Summary of the Invention:
The invention aims at Processing a blend of turpentine and diesel is being used as an alternative fuel to Dl diesel engine comprising essentially of Diesel Fuel of Hydrocarbon Origin and 10 - 40% by volume of the Turpentine oil extracted from the Pinus Tree bark which forms the group of essential oil, having the similar characteristics of the commercial diesel oil and can be fueled through conventional fueling system without any engine modifications.
Another optional Objective of the Present Invention aims at using the Turpentine as Thinning agent for Vegetable oils, which can also be used as a substitute Blend in Diesel fuels.
Description of the Invention:
Fuel preparation and blend behavior.
The bio fuel turpentine extracted from pine tree having said properties, can be utilized in the Dl diesel engine in the form of turpentine-commercial diesel oil blend. This invention has been proved in the Dl diesel engine experimental setup having configuration explained in the description of figure-1.
Turpentine is not a pure substance but a complex mixture of terpenes particularly large proportion of pinene (bicyclic monoterpenic hydrocarbon), a compound from which camphor is manufactured. Terpene is a class of naturally occurring unsaturated hydrocarbons whose carbon skeletons are composed exclusively of isoprene C5 units of formula (CH2= C (CH3)-CH=CH2). Hence it is miscible in all proportions with the petroleum feed stocks as the distillation temperature range lies between 155 -185 deg C. The solubility of the turpentine oil with diesel petroleum oil is improved by homogenously blending by making use of the commercially existing blending methods known in the art.
The test fuel is prepared in four ratios of turpentine and commercial diesel oil blends. They are 10T, 20T, 30T and 40T 10T means 10% Turpentine 90% commercial Diesel oil 20T means 20% Turpentine 80% commercial Diesel oil 30T means 30% Turpentine 70% commercial Diesel oil 40T means 40% Turpentine 60% commercial Diesel oil
The maximum allowable turpentine proportion in the blend is 40T (40%turpentine and 60%commercial Diesel oil). The blends containing more than 40% turpentine is not having sufficient self-ignition temperature and poor cetane number, which is not suitable for normal CI engine operation. Hence, Blends above 40% turpentine is not suggested for engine suitable for commercial diesel oil application.
Also, a fewer misfire and poor cold starting was observed with 40T blend in the engine setup having compression ratio lower than 18:1. Hence, 30T blend is more suitable blend for all CI engine with compression ratio ranging from 17:1 to 22:1.
As the higher turpentine blends like 40T blend has lower cetane number and higher self-ignition temperature, they are not capable of providing cold starting at an ambient temperature below 30 degree centigrade.
Normally, 40T blend has more smoke reduction characteristics than that of other blends, which is ranging from 30% to 45% depends upon the engine configuration. The preferable ambient temperature suitable for above said character is in the range of 25-35 degree centigrade.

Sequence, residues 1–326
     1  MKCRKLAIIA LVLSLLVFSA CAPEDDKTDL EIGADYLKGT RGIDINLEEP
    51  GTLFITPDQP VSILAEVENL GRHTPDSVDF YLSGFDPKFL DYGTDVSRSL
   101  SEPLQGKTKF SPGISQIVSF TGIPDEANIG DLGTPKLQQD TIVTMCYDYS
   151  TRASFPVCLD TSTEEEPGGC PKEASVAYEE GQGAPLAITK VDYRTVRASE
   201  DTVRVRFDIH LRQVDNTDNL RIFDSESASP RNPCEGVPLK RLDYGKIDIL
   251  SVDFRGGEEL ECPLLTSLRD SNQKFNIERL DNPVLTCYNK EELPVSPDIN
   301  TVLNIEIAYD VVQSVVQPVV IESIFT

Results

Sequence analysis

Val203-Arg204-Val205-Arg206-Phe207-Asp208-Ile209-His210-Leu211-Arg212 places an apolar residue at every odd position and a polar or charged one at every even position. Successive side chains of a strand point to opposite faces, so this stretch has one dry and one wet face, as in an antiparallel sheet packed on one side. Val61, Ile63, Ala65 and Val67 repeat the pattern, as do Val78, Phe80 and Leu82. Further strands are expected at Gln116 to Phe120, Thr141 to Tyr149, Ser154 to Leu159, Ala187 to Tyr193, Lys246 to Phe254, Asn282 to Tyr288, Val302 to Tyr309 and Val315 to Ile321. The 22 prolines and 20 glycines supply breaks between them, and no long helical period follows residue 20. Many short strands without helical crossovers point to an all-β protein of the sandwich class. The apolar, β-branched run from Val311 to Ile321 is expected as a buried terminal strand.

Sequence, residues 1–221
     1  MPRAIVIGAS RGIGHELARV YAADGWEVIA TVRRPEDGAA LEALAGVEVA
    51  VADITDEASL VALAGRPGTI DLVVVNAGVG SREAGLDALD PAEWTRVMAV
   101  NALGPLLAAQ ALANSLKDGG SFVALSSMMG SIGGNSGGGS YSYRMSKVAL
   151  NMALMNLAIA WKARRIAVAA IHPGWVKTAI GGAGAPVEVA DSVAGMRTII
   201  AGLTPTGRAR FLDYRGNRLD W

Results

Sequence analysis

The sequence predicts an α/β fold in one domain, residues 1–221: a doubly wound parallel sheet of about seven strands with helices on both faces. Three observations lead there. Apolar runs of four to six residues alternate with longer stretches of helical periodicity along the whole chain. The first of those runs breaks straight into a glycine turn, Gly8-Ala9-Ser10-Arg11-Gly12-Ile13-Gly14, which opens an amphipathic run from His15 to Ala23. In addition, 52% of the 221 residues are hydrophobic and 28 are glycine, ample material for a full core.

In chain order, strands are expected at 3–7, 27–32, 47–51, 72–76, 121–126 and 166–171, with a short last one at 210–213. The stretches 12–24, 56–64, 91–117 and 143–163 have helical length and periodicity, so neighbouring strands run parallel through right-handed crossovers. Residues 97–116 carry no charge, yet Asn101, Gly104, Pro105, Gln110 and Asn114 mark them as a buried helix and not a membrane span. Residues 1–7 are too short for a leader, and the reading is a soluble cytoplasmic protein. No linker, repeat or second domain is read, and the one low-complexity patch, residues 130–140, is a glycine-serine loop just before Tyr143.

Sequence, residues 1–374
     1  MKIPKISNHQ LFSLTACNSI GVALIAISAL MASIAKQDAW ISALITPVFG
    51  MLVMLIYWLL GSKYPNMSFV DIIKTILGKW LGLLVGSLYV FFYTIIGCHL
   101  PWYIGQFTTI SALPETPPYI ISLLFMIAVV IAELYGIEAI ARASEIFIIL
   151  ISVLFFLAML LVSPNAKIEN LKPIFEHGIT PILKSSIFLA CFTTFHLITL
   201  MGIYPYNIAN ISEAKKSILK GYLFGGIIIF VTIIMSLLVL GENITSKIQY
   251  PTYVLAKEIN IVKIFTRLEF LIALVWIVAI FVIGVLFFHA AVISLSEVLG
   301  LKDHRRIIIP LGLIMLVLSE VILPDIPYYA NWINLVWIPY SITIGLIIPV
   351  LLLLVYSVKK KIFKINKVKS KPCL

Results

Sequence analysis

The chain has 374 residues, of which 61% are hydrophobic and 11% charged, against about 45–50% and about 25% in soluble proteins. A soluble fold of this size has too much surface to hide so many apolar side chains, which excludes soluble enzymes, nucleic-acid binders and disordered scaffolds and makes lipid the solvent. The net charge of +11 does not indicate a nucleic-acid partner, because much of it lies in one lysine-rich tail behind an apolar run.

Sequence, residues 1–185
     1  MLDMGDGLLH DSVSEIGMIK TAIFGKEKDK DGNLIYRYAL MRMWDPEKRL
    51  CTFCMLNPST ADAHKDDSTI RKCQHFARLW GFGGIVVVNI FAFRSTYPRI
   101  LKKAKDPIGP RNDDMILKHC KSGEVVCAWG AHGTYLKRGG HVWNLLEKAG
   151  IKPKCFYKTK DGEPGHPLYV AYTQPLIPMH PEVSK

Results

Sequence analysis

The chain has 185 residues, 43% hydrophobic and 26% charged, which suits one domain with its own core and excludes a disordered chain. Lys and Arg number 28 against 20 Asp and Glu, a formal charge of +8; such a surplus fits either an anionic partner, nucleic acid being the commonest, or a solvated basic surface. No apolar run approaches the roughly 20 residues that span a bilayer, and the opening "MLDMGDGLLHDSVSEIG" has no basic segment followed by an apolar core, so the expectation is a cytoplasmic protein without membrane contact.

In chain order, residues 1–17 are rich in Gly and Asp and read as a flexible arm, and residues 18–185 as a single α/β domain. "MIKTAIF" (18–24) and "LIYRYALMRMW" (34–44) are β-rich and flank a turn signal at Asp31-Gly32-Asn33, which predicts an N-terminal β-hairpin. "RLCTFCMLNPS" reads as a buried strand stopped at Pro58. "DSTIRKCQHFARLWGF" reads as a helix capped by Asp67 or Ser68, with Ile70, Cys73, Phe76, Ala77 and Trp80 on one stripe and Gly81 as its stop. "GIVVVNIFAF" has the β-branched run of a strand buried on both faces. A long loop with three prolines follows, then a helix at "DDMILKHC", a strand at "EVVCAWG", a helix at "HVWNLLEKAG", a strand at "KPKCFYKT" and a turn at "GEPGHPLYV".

The highlighting behavior of these blends is constant calorific value. As the calorific value of Turpentine and commercial Diesel oil is same, it does not affect the calorific value of the blend. Hence, almost same amount of fuel was consumed during testing, which is almost same as commercial diesel oil consumption in the same engine.
Detailed description of the drawing
Figure 1 shows the schematic diagram of the experimental set up. The test engine (4) is Kirloskar TAF 1, single cylinder, direct injection, with a bore of 87.5 mm and a stroke of 110 mm. The rated output of the engine is 4.4kw at 1500rpm. The compression ratio is 17.5: 1 and injection timing and injection pressure are 26deg before TDC. The combustion chamber is direct injection with a bowl-in piston. The engine is coupled to eddy current dynamometer (3) to provide a brake load and being monitored by the control panel (1). The turpentine diesel blends (5) are injected through the existing conventional injection system. An antipulsating drum (6) provided in the suction side meters the inflow of air.
For emission analysis an MRU 4 gas analyzer (2) is used to measure CO, C02 and UBHC. Canmayo gas analyzer is used to measure Nox and Bosch smoke meter is used to measure smoke intensity.
Figure 2 shows the decrease of Bosch smoke number with respect to increase in turpentine fractions in the blends. A maximum 30% to 40% of smoke reduction is obtained with 40T blend at 75% and 100% load.
As explained in the invention, the diesel blends with Turpentine (10T, 20T, 30T, 40T) are tested in the standard Engine setup as explained in Figure 1. The experiment is conducted with the Low sulfur Diesel as the Baseline Fuel (Comparative example)
5. The whole test is conducted for the standard engine injection pressure and injection timing.
6. The first test has been conducted using 100% low sulphur diesel fuel to establish base line for emission, fuel consumption and performance.
7. The various turpentine diesel blends are prepared (10T, 20T, 30T, 40T&50T) and fueled into the engine one by one.